What's the difference between:

  1. "There are 23068 active users, 200 of whom are invisible"
  1. "There are 23068 active users, 200 out of whom are invisible"

I'm asking this because I can say for example:

  1. "Out of this group, there are 3 people who didn't show up"

if I can use "out of" like that, does it mean that those two mean the same?


1 Answer 1


"There are 23068 users active, 200 of whom are invisible."

A non-defining relative clause with "of which" and "of whom" after quantifiers or numbers can be interpreted in this way. The above sentence containing a relative cause can be rewritten as:

"There are 23068 users active. 200 of them are invisible."

The phrase of whom defines the function of selecting a particular quantity in itself, hence there is no need whatsoever of using the extra word 'out'. It is uncommon, but not unheard of. However it means the same as the former expression 'of whom'.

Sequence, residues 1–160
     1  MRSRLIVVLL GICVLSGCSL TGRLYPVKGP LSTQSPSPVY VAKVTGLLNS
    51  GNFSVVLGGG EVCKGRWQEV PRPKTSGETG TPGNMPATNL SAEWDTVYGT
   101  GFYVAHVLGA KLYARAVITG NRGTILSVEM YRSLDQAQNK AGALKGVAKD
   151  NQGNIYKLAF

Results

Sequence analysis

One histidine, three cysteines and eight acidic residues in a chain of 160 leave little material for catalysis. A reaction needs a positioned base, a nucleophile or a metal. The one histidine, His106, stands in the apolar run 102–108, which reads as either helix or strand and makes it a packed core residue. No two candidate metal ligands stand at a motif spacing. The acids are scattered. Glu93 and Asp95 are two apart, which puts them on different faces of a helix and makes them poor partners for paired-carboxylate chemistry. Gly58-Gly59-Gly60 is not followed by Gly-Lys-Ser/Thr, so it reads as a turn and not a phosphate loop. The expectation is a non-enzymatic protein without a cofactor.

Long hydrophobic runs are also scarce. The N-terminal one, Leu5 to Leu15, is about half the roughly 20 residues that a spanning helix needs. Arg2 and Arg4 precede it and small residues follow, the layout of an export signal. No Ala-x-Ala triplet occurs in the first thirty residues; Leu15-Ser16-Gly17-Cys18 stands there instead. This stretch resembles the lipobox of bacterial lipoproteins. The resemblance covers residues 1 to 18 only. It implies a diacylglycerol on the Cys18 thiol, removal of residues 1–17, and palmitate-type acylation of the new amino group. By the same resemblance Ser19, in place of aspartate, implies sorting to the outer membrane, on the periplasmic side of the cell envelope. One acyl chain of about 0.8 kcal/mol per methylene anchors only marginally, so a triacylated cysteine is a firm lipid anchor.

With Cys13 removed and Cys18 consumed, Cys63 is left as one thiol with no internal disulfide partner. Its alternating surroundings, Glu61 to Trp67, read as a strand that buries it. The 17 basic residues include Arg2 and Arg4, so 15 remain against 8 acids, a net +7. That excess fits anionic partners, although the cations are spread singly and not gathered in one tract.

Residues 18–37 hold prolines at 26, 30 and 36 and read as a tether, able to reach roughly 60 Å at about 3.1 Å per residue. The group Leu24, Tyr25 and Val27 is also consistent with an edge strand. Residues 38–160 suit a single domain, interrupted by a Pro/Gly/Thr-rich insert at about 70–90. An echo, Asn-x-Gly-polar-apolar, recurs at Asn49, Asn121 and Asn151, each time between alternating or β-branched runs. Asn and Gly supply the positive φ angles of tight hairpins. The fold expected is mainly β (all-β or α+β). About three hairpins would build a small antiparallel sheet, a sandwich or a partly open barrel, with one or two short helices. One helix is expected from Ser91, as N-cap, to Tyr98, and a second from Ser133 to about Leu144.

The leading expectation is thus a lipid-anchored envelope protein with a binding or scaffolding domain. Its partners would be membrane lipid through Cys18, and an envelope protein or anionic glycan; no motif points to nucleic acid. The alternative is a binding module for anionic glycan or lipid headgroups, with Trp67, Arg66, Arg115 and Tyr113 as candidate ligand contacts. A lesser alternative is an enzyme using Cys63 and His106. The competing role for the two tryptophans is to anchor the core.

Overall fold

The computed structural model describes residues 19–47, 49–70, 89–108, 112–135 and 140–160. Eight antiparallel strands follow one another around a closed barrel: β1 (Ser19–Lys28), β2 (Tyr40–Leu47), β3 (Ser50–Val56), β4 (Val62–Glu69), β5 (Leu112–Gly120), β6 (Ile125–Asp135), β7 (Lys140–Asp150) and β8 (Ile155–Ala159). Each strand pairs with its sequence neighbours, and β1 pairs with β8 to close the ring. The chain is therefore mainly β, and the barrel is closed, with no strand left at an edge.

Even GoogleNgram has very low entries of 'out of whom'.

Now your third sentence uses the phrase out of [anything] at the beginning. This structure is heard of. It would mean, from within their group there are three who didn't show up. It is actually similar to the previous sentences.

You can slightly reframe the sentence to mean and convey the same thing:

Out of the expected people in this group, 3 of them didn't show up/turn up.

But at the same time you can also write this sentence in terms of the above mentioned phrase.

There are 10 people in this group, 3 of whom didn't show up.

  • but you can say 1 out of 10, if so can't you use it for a group?
    – coolguy
    Jan 11, 2021 at 18:45
  • read the last meaning it says "from among a group or a particular number:"
    – coolguy
    Jan 11, 2021 at 18:48
  • @coolguy Yeah I know. But if ten people do form a group or already belong in one, I don't see what is wrong in saying that. Now if you are asking whether "1 out of 10 people didn't show up" is correct then it is. I never said it was wrong. You can insert the word 'group' and it will still work just fine. Let me know if I misunderstood you. Jan 11, 2021 at 19:42

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